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Climate Change May Raise The Prospects Of East African Drought And Famine—American Conservatives Do Not Care

A recent article in New Scientist said that changing weather patterns have increased the chance for recurring drought in East Africa. 

(Above–Oxfam photo of a family gathering firewood in drought-stricken Kenya in 2011.)  

From New Scientist

“Last year’s drought occurred because both of the region’s rainy seasons failed. We already know that the trigger for the failure of the “short rains”, between October and December 2010, was La Niña - a cyclical meteorological event caused by a pulse of cool water rising to the surface of the eastern Pacific Ocean. But efforts to work out why the “long rains” that occur between March and May fail have drawn a blank – until now.

Bradfield Lyon and David DeWitt of Columbia University in New York examined records of the long rains and found that they have been much more likely to fail since 1999. That year also marked a sharp rise in sea-surface temperatures in the western tropical Pacific Ocean, while further east the ocean cooled.”

The story goes on to very clearly state that the reasons for the prospect of recurring drought in East Africa are by no means the definite result of man-made climate change. The article says that studies are now ongoing to see if the droughts are naturally occurring, are influenced by human activity, or are caused by some combination of these two factors.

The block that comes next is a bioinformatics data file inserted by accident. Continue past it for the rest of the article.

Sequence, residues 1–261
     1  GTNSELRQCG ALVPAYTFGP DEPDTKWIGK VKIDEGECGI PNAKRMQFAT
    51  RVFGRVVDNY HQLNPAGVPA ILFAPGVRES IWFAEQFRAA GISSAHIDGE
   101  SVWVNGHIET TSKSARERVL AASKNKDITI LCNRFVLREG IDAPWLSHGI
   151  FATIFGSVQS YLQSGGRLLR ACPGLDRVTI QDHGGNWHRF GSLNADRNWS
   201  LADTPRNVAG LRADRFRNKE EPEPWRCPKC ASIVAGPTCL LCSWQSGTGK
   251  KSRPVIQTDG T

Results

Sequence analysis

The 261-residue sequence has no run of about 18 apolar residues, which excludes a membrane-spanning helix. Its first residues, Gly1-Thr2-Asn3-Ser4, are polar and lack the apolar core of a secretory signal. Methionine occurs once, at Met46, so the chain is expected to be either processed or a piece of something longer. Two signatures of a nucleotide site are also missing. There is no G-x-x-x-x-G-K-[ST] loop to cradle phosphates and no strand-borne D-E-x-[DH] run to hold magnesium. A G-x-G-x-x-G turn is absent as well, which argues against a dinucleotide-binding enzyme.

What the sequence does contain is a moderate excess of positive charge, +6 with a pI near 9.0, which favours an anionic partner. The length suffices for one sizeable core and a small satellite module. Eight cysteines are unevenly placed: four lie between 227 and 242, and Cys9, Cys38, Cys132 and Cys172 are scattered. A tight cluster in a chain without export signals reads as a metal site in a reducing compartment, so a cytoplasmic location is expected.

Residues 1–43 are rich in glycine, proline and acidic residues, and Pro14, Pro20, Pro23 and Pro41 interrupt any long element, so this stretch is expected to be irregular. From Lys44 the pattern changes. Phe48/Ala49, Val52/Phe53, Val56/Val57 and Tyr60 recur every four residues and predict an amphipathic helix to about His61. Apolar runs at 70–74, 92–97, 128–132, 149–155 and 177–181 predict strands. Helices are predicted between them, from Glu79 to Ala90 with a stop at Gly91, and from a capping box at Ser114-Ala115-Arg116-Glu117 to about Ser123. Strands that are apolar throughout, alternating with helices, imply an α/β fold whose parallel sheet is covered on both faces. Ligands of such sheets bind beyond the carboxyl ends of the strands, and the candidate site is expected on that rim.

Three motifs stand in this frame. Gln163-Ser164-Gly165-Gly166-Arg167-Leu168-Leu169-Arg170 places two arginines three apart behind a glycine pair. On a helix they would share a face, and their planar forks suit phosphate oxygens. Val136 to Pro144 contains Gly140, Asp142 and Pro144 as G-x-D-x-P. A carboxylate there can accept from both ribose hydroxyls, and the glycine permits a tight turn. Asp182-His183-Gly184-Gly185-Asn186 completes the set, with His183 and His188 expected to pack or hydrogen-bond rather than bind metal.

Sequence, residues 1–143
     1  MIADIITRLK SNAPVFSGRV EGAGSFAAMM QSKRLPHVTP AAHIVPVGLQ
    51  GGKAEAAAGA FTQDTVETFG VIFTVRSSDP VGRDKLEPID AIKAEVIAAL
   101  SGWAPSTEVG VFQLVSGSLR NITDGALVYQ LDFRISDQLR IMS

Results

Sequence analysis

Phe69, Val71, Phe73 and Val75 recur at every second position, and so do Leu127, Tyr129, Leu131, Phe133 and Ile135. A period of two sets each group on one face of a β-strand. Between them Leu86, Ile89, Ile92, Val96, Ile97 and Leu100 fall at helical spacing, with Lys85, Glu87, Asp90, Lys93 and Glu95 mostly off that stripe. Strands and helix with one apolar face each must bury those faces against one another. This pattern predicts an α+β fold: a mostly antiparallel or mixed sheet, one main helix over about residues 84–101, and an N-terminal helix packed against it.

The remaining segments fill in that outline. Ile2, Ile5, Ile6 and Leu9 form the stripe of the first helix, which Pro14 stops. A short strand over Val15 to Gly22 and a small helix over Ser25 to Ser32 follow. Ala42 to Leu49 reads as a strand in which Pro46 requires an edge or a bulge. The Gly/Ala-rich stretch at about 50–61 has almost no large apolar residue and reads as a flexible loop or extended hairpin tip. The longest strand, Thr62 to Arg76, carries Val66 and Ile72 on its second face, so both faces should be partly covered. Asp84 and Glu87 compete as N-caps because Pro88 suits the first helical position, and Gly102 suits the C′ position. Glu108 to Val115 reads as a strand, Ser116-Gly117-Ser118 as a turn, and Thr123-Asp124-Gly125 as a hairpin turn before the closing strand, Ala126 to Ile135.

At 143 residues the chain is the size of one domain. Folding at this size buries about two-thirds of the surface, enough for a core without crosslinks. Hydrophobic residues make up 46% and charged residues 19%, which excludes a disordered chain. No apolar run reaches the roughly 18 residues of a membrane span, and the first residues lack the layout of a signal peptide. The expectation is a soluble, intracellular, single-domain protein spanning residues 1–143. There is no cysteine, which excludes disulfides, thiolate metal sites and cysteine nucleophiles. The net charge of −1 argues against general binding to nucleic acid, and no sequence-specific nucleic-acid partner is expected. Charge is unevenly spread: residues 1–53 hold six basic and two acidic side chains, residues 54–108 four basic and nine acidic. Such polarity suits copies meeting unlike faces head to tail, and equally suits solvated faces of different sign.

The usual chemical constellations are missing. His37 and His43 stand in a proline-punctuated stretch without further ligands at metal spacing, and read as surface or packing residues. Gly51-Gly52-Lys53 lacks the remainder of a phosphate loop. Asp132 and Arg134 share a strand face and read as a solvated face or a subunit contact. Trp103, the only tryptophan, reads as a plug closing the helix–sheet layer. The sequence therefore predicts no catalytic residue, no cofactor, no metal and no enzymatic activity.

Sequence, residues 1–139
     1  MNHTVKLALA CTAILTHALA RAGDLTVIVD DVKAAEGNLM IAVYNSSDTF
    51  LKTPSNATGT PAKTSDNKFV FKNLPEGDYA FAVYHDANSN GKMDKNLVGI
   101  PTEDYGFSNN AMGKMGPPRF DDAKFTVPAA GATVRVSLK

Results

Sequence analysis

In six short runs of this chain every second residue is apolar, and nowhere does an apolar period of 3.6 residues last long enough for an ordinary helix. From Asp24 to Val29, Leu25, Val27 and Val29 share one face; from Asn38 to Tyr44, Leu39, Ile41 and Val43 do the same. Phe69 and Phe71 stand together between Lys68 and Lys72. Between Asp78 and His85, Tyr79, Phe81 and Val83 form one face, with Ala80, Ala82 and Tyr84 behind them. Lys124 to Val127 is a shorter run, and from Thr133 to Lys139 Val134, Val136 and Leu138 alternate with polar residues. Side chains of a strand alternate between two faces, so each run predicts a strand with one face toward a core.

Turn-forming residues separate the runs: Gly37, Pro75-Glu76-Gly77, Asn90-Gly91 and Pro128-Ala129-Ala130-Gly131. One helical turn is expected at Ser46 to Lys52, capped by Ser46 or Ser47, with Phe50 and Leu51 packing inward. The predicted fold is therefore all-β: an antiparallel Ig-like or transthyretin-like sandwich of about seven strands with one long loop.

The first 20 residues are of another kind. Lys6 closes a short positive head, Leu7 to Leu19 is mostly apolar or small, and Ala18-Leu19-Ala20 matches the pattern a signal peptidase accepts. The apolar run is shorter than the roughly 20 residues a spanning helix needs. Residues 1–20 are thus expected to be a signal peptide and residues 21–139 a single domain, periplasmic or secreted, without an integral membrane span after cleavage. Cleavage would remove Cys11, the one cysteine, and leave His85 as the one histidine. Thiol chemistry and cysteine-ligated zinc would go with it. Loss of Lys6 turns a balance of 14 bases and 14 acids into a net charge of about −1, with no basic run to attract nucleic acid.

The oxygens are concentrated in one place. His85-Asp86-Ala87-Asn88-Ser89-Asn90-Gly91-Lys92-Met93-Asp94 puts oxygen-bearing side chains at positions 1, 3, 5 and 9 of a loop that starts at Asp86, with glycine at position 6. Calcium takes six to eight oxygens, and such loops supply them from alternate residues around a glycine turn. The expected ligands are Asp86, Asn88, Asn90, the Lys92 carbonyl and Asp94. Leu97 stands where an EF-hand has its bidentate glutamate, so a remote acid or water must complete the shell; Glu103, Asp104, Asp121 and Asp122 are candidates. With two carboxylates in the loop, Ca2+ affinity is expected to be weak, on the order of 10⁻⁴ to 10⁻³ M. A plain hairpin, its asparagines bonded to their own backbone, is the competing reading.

(It should also be noted that some of the problems of famine in Somalia have been caused by Islamic insurgent groups stopping shipments of food.)

The thing is that here in the United States one of the two major political parties won’t even allow all the needed research to take place, and won’t even consider the prospect that man-made climate change is for real.

And if a bunch of people in Africa die so we don’t have to change our lives in any way, or so we can retain the ideological purity of the Republican Party—Then I guess that is the way it goes.

Many American conservatives have reached the point where they see bike trails as a United Nations plot.

A recent Oxfam report says that global response to the 2011 famine drought in East Africa was very slow in starting, and that many lives were lost as a consequence.

Here is a BBC series of reports about famine in East Africa.

Here is a New York Times page of a number of links and articles about climate science.

Here is how to make a donation to Oxfam for famine relief.  I just made a small donation as it seemed the thing to do to back up my post.

Another thing we can all do in the United States is to ask our political leaders to at least be open to the prospect of climate change, and to support the necessary research to determine the facts.

We are not the only people in the world. What we do impacts others.

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February 23, 2012 - Posted by | Uncategorized | , , , , , , , , ,